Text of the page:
South African police charged mechanic Willem Koen, 78, with murdering his helper, Nketu Motsei, after Motsei was shot in the back by a shotgun that Koen had rigged to protect his business from burglars. "These two had standing arrangements that they switch on and off this shotgun when they came into and left work," police representative Rosa Benade said. "It seems this employee forgot to switch off the shotgun on the day in question."
Rolling Back the Clock
Nestle announced the development of a drink that can reverse aging in both people and pets. The beverage, which consists of antioxidants, rice carbohydrate and fish protein, mimics the effects of starvation to stimulate the mitochondria found in most cells to produce more ATP, the fuel that powers cells. Nestle claimed the concoction "restored age-related deficits" in dogs and has similar rejuvenating effects on people.
Swedish doctors treated a 50-year-old scientist whose laptop computer burned his genitals. According to a letter in The Lancet medical journal from Claes-Gorn Ostenson of the Karolinska Institute, the man remembered feeling a burning sensation after he had been writing a report at home for about an hour with the computer on his lap. An examination showed that "the ventral part of his scrotal area had turned red, and there was a blister with a diameter of about 2 centimeters," wrote Ostenson, who noted that although the computer manual did warn against operating it directly on exposed skin, the patient had lap burns even though he had been wearing pants and undershorts.
No Time Like the Present
Convicted robber John Ndirangu Njuguna, 40, waited until his 21-year sentence in a Kenyan jail was just five months from ending to escape. After changing into a shirt and pants that had been left for him under a tree, he headed to Nairobi, the capital, using money his fellow convicts had raised for his journey. On arriving at Nairobi, he went to see Commissioner of Prisons Abraham Kamakil to complain that guards and some inmates at Embu jail were endangering prisoners' lives by selling their food rations. The Daily Nation newspaper reported that Kamakil served Njuguna cold drinks and promised to investigate the allegations.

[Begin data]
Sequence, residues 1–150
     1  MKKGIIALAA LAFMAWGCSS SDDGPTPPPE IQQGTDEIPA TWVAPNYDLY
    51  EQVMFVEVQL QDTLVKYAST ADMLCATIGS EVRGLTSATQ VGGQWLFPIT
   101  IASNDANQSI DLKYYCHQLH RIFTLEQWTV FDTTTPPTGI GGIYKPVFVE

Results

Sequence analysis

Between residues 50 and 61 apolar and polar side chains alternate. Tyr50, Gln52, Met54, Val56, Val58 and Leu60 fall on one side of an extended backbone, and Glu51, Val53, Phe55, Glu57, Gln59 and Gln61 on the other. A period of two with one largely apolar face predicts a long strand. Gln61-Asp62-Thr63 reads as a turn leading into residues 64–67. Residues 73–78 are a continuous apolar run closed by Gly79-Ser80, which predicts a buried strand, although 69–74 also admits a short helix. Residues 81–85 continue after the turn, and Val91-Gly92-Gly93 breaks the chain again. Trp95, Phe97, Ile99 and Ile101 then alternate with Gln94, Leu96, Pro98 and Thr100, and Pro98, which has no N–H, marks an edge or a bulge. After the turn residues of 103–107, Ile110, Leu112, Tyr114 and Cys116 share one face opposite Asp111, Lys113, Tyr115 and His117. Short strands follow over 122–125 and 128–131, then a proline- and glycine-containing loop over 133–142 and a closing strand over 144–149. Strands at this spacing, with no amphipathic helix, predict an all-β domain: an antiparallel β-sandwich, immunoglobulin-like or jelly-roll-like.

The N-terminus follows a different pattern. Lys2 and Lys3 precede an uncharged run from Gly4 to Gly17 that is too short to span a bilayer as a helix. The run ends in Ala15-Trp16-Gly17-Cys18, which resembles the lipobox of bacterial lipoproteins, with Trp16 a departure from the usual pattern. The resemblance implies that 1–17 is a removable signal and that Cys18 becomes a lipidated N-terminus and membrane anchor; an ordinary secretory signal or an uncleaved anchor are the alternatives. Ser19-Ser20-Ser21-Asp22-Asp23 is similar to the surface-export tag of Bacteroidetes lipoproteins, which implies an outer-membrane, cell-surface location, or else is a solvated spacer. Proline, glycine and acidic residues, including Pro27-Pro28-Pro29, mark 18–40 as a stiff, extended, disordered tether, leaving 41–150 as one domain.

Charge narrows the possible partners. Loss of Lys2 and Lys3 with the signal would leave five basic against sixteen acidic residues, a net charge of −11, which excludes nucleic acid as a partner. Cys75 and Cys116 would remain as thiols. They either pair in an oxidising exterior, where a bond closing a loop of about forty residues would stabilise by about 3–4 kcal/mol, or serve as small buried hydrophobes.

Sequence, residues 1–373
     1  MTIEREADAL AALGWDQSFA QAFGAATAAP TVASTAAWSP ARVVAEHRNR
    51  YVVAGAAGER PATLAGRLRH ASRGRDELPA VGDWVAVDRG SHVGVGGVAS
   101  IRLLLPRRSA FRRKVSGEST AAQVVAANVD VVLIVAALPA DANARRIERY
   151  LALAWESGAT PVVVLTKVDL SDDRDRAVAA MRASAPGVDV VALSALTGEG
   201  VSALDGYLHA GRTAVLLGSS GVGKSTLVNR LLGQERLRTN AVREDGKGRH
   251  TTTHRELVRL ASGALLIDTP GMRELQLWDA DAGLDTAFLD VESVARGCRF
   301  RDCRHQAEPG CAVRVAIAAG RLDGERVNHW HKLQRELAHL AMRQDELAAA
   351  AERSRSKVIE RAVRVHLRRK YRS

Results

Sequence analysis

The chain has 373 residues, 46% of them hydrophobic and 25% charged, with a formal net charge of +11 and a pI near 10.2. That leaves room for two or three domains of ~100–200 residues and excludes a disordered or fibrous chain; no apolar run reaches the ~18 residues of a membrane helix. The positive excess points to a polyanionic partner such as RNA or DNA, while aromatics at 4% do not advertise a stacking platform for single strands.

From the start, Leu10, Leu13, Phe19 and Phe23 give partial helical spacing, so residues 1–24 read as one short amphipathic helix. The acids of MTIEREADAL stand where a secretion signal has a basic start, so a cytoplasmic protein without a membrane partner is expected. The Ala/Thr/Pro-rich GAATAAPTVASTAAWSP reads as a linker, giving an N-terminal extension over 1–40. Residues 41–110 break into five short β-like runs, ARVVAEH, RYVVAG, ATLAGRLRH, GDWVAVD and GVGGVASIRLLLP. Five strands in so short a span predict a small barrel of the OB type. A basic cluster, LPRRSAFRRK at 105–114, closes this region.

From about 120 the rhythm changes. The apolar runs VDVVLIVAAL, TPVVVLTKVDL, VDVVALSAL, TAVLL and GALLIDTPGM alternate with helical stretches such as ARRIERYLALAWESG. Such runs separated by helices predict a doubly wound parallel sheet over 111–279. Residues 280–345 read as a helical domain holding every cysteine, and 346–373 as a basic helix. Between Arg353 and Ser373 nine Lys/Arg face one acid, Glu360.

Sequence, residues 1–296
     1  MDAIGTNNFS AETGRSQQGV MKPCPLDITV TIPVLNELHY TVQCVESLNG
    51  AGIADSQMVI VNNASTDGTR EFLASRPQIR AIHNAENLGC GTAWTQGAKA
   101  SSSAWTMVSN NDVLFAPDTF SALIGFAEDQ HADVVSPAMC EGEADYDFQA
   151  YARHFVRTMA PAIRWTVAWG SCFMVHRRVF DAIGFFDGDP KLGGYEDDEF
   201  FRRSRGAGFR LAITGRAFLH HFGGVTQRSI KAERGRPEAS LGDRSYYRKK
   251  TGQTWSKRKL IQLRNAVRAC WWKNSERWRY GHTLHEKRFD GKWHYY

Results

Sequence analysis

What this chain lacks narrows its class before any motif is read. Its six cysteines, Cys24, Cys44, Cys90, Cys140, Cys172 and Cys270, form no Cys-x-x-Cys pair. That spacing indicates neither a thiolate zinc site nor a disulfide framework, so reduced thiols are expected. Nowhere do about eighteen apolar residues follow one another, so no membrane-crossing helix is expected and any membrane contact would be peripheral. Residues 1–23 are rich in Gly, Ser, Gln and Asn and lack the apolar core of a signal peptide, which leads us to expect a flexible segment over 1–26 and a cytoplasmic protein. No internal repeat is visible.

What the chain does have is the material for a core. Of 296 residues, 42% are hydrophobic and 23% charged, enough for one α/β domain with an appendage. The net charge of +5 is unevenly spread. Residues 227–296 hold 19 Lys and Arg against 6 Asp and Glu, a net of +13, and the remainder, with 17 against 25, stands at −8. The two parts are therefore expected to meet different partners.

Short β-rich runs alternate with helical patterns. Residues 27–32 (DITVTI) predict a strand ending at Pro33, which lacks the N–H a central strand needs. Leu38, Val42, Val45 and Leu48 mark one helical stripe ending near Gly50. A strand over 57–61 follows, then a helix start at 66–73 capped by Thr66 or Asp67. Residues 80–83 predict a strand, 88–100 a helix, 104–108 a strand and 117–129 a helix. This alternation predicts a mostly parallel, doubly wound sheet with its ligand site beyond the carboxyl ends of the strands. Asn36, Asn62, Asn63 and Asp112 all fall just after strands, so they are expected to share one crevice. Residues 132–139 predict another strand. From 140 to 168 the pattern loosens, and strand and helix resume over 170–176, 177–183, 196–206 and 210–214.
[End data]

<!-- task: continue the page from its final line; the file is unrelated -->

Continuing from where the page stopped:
New Zealand's Parliament has banned government ministers from knitting while overseeing debates. The rule was prompted by the appearance of Associate Commerce Minister Judith Tizard, who pulled out her knitting needles while lawmakers debated a trade bill she was there to answer questions about. After opposition leader Bill English accused Tizard of showing the "contempt and arrogance" of the Labor-led government toward Parliament, Speaker Jonathan Hunt ruled that "knitting is permitted in the house but is not permitted from the minister's chair."
Retired lawmaker Marilyn Waring admitted to knitting 32 garments during her nine years in Parliament. She wrote in her autobiography that it was her only productive accomplishment.
Compiled by Roland Sweet from the nation's press. Send clippings, citing source and date, to POB 8130, Alexandria VA 22306.